Love and hugs kiwi xxxx


  4. Hermione says:

    Hi Lea,

    That is all excellent advice. Sometimes when people share a lot of personal info with you, they automatically expect you to do the same, even if you aren't comfortable with that. Follow your instincts.



  5. Lea says:

    @bree, Yes wouldn't it be lovely if there were no creeps out there? Sadly that isn't so.

    @joey, Absolutely and we both know many of the good ones.

    @kiwi, I agree, you have to be careful to know when to draw the line.

    @Hermione, Yes I don't think anyone should feel obligated to reciprocate. Thanks for stopping by!


  6. A.S.S. says:

    When we first got into the scene, we were extremely cautious. Cautious to the point of almost being total lurkers, only rarely posting on the old newsgroups and then later some online forums. We had a young son and just felt better going really slow. We did open up in time though, and as we took steps we felt safer and safer… before we finally were basically out there. Started our blog, attending parties, meeting other spankos… and having folks come to our house.

    Everything seemingly went well. It got to where we'd invite a new friend over pretty early in the process. If they were a friend of a friend, that was good enough.

    In hindsight, we really wish we would not have done that! Definitely have had people in our home… and thus close to us… that turned out to be bad news. Some of these people think nothing of taking that personal information they have gathered and using it to hurl what they probably assume are harmless and petty little attacks at us in public forums. Stuff about where we live… how our home is set up (like how many TV remotes we have)… how we run our home, who cooks dinner, etc-etc. Those things are actually pretty disconcerting though. That some petty and mean spirited people have had access to our home and family and think nothing of using it in their game… it's not comfortable.

    That things have always gone well and we'd have never been burned was not a good reason to start skipping steps. Take your time and really get to know someone before allowing them into your life. Get to know them for yourself too. Both positive and negative recommendations tend to be biased. If you like someone, you sort of gloss over any possible issues… if you dislike them, you exaggerate them.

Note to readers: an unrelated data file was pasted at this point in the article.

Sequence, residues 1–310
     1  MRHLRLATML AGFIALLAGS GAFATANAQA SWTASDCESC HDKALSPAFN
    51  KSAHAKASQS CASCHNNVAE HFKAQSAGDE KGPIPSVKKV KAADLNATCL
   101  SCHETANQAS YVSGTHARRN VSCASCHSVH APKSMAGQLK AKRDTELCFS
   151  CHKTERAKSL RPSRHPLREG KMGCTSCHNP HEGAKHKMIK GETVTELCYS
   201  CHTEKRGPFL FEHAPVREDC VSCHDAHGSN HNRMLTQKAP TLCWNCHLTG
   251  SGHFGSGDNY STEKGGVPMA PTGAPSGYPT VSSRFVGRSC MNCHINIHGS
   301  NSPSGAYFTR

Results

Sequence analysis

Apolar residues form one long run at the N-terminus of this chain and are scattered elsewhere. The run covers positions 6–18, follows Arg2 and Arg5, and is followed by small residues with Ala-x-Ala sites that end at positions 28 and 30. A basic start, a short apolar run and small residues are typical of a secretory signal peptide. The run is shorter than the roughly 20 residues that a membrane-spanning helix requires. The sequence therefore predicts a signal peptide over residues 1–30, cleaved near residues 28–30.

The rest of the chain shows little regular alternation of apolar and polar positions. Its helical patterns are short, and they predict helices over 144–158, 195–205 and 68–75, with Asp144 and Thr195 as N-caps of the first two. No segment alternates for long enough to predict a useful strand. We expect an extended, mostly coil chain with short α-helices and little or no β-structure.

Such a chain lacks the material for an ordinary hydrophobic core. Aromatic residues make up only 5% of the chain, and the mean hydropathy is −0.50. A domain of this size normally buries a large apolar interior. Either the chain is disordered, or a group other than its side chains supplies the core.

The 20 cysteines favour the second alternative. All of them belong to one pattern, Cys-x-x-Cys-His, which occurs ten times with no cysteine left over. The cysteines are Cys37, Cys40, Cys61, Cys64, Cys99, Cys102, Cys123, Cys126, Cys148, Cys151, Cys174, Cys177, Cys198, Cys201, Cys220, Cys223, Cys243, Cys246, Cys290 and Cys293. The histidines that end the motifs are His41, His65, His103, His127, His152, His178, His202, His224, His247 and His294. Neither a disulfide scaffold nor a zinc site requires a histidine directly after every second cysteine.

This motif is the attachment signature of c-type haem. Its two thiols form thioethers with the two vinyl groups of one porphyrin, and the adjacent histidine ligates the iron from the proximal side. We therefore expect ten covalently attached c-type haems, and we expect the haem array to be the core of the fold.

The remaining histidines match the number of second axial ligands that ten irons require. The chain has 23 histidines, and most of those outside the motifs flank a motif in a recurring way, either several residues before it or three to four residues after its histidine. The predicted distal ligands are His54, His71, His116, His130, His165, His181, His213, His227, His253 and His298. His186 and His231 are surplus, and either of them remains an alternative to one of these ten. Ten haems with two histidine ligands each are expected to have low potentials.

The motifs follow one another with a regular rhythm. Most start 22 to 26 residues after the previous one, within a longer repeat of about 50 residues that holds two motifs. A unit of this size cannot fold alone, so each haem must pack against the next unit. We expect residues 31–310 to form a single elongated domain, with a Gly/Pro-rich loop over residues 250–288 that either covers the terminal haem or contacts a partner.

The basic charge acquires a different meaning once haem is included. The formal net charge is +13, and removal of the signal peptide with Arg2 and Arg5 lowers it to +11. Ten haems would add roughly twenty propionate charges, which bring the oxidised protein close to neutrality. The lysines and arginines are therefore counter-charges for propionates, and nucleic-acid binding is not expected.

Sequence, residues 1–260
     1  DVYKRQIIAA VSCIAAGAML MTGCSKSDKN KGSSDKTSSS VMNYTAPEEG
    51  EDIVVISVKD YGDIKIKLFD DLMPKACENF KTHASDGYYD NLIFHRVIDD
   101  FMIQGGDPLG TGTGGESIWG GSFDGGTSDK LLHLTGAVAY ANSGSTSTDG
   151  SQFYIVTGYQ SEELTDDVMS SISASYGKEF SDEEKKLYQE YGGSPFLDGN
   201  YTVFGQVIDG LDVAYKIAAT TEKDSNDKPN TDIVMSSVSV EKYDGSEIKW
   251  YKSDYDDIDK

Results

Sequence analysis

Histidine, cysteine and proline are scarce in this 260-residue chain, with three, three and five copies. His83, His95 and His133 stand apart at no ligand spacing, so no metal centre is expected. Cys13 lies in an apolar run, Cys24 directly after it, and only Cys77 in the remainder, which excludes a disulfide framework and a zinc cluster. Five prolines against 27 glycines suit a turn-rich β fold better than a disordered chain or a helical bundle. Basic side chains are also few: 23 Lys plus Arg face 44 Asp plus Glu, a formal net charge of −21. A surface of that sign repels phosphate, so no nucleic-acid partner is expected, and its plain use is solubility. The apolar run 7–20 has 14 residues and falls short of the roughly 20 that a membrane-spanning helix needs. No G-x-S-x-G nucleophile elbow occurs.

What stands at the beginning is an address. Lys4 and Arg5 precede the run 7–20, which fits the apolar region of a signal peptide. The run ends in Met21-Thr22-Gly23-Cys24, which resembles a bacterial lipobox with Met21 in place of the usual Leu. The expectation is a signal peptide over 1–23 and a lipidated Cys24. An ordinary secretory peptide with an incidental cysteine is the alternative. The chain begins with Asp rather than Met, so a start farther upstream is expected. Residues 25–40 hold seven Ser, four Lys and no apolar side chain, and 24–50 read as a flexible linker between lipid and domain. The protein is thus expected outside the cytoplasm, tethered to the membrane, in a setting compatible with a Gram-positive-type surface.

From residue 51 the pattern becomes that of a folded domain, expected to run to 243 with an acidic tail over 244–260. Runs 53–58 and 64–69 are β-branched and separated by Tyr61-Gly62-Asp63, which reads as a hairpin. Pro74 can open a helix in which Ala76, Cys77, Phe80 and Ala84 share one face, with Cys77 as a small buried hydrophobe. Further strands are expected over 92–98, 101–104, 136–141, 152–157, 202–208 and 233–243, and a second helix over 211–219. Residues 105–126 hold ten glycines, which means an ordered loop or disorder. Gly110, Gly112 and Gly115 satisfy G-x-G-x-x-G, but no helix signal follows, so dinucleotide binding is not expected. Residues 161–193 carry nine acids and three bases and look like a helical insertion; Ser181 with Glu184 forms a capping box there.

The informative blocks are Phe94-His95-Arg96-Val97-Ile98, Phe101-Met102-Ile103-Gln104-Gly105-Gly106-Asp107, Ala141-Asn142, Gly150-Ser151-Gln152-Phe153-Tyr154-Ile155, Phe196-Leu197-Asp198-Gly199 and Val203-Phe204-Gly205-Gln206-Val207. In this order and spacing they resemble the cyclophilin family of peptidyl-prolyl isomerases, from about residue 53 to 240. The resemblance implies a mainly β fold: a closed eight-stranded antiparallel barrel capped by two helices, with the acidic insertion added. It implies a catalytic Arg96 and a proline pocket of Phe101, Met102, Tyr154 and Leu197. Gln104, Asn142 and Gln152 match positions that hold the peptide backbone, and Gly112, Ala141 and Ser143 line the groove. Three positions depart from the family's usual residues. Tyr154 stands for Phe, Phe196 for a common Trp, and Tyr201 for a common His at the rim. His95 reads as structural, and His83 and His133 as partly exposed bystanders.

There are no shortcuts. You really are better off being safe than sorry. At the very least, you'll sleep better at night having taken your time. Trust that little voice in your head too. If someone strikes you as off, trust that. The person that has caused us the most problems in the scene was someone we spotted day one as a petty, mean and vindictive person… but we glossed over that because they were friends with other friends and so long as we didn't get too close we couldn't get hurt. Lesson learned there.

    Have met many-many wonderful people in the scene, including some of our closest and most trusted friends. Going at a reasonable speed, getting to really know them ourselves, trusting our instincts and using common sense was never any sort of hindrance in building those relationships either.

    ~Todd and Suzy


  7. sarah thorne says:


    This is such an important topic and so worth repeating over and over. Most can indeed be weeded out, yes, but there are a few who are skillful enough (because they've been doing it their whole lives) to appear normal for a time, especially when the majority of interactions are through a computer. On the computer, anyone can be whatever you want. With these kinds of people, it can take a little bit of time to start to notice little inconsistencies that translate into real life when you are with that person. In real life, they can not maintain that same deception as well as they can online.

    My advice has always been to be diligent. Don't write things off as 'no big deal' when you start sensing something is not right. Your subconscious senses things many times even when you can not pinpoint WHY on a conscious level. Any time I have NOT listened to that little voice, because I didn't wanna appear to be denying someone friendliness for no reason, I've regretted it.

    One of the reasons some who are parasitic can continue to do what they do is because they hop from group to group. When one group weeds them out, they find another unrelated group to leech onto, until that group figures them out too. They find
    newbies' in the scene who don't yet really know any better. They prey on them, really. They rarely have long term relationships because they can't keep friends. So you're right in that they can be weeded out in that regard. But they never stop what they're doing.

    It's important that people in the community continue to address this. It is important for people who have been targeted by a predator to let others know. I know some who call this 'gossip under the guise of scene safety', but anyone who says that probably has a reason why they don't want others talking about their experiences with bad apples.

    Great post and advice.



  8. findingsara says:

    I agree Lea, an important topic and very good advice. Many people are real, honest and nice people…but a few are not any of those things, and it's very easy to hide behind a screen! Sara


  9. Lea says:

    @Todd and Suzy, Trusting one's instincts is very good advice. Thanks for stopping by!

    @sarah, I agree that new people do seem like easier targets to predators. Fortunately, most in the scene who I know are very protective of friends and especially newbies to help prevent those kinds of incidents.

    @Sara, Yes it is very easy for one to hide behind a screen. But I promise, I really am real. And nice. 😉


  10. Lea says:

    Privacy was of utmost concern to me as well. I chose a scene name, just as you did. Exactly as you did, in fact! (My actual name is too unique to use anyway)

    I often think about how I refer to others, and myself in the blog world. I'm a bit paranoid when it comes to privacy. Not for stalking sense, but for things going public. I don't want certain people knowing about my personal life, like my job for instance.


  11. Lea says:

    @Lea, That's understandable. It's too bad we can't live in a world where people mind their own business and don't judge what others do in their free time, but that's just how it is so privacy is a concern for many.